For the Christians in the room, the words of Galatians 3:27-29 resonate very powerfully about the new unity that was to be lived out within the body of Christ.  This was St. Paul’s attempt to include Gentiles into the new Jewish Christian sect.

Galatians 3:27 As many of you as were baptized into Christ have clothed yourselves with Christ.  28 There is no longer Jew or Greek, there is no longer slave or free, there is no longer male and female; for all of you are one in Christ Jesus.  29 And if you belong to Christ, then you are Abraham’s offspring, heirs according to the promise.

The text preceding this pericope is all about the Jewish Law and faith, arguing that it was faith that welcomed Gentiles into the family of Abraham.  Of course, the majority of Jews didn’t accept this rationale.  For early Christianity, this was a radical new way of thinking about community – attempting to destroy three of the strongest social distinctions of the day: followers of God from the pagans, free people from the enslaved, and perhaps the strongest divide because it cannot be changed – the gender divide.  Or can it?

St. Paul uses another image when he later wrote 1 Corinthians 12:14-28 as he situates each Christian as a part of the very Body of Christ in the world.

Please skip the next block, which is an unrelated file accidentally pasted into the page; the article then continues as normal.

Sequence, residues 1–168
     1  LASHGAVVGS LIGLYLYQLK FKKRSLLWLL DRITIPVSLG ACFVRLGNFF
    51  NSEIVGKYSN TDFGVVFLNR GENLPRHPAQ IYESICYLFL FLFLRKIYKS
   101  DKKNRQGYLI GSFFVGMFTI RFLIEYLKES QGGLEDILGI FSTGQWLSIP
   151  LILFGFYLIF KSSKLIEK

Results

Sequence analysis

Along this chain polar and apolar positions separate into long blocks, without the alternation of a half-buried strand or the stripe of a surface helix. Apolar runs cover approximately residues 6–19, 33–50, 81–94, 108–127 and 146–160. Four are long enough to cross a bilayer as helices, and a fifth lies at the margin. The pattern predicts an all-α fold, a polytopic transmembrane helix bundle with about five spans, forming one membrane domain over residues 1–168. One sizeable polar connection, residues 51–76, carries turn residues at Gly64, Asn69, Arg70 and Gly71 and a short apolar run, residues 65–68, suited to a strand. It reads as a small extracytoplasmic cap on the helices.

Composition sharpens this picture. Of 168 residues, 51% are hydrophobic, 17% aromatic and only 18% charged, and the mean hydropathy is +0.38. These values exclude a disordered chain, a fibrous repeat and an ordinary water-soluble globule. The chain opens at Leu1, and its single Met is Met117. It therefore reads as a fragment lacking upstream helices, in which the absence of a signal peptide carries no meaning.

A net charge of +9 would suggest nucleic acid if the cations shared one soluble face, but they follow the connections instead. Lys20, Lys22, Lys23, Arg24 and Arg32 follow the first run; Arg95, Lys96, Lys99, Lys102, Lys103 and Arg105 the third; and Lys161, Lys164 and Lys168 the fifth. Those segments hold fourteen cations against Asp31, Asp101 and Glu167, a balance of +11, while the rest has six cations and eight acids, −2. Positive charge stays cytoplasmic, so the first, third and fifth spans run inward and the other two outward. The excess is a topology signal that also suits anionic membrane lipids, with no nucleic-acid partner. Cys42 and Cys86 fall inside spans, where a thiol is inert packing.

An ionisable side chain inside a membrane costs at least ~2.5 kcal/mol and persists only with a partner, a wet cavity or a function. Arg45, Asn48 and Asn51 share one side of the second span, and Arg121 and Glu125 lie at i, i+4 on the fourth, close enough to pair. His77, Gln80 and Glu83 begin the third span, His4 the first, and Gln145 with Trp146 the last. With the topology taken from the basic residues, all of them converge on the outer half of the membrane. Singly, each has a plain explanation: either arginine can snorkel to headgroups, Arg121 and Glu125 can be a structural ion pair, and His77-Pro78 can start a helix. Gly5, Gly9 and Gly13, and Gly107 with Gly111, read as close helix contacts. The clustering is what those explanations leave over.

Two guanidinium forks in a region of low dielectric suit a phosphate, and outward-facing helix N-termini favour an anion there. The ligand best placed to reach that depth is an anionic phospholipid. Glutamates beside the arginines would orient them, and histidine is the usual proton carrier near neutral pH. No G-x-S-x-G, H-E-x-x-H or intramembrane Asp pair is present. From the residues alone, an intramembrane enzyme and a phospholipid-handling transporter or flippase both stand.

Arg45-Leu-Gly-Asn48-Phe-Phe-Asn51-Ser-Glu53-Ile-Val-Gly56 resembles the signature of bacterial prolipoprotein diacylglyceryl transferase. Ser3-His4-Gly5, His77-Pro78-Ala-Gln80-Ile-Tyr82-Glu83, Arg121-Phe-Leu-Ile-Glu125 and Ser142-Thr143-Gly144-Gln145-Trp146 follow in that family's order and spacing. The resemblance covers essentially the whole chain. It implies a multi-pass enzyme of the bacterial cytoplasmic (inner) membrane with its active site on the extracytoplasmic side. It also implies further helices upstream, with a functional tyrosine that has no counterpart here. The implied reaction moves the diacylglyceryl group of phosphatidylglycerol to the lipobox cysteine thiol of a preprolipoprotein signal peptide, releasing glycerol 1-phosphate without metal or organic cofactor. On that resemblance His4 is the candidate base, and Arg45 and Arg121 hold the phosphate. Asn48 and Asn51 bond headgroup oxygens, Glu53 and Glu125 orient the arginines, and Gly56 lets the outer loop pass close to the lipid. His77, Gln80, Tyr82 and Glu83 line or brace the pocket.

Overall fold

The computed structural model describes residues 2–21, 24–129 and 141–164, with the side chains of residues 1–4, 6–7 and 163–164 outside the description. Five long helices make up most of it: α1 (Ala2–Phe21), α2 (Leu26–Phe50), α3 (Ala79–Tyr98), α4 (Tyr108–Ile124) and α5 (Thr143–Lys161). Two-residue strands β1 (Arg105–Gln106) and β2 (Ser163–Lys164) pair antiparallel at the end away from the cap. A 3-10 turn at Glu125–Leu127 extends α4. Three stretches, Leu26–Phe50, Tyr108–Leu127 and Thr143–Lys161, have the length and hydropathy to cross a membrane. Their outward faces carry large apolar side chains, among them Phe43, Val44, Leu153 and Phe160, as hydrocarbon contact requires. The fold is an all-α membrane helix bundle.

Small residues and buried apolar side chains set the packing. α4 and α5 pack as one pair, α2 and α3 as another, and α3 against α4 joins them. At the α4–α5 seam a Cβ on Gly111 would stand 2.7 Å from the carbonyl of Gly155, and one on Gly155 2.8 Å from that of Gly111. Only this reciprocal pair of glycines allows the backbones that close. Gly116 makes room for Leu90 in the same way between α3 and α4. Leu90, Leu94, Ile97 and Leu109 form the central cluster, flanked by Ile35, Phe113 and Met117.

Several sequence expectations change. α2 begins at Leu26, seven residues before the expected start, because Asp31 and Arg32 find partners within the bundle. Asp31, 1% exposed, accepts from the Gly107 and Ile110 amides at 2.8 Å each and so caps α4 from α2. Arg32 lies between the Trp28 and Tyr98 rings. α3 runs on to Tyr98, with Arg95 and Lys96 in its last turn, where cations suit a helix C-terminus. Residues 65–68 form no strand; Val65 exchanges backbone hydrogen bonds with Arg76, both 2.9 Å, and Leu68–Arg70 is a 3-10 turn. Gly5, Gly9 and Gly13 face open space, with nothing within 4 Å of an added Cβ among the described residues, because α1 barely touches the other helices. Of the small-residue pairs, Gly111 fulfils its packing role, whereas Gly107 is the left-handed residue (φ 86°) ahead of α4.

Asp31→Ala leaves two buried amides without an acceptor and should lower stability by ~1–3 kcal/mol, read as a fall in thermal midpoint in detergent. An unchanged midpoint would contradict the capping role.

1 Corinthians 12:14  “I want you to think about how all this makes you more significant, not less. A body isn’t just a single part blown up into something huge. It’s all the different-but-similar parts arranged and functioning together.  15 If Foot said, “I’m not elegant like Hand, embellished with rings; I guess I don’t belong to this body,” would that make it so?  16 If Ear said, “I’m not beautiful like Eye, limpid and expressive; I don’t deserve a place on the head,” would you want to remove it from the body?  17 If the body was all eye, how could it hear? If all ear, how could it smell?  18 As it is, we see that God has carefully placed each part of the body right where he wanted it”

Here is a later text where Paul uses the metaphor of the different parts of a human body as the parts of the Christian Messiah’s body in the world.  If the Christ lives in the world, it get’s expressed by every part of the Christian community.  Now, the Christians of this period would have still excluded the non-Christians of their era, but Paul’s metaphor insists that each person of the community comprises a part of the body that cannot be cut off without significant costs to the whole – and that it is Christ himself who lives within the community of believers.  There still remains exclusivity, but this remains a radical move toward inclusion of outsiders.

In the Gospel of Thomas, an early Gnostic text only found again in 1945 with the Nag Hammadi Library, the 22nd saying of Jesus includes these words:

Gospel of Thomas 22b  “Jesus said to them: When you make the two one, and when you make the inside as the outside, and the outside as the inside, and the upper as the lower, and when you make the male and the female into a single one, so that the male is not male and the female not female, and when you make eyes in place of an eye, and a hand in place of a hand, and a foot in place of a foot, an image in place of an image, then shall you enter [the kingdom].”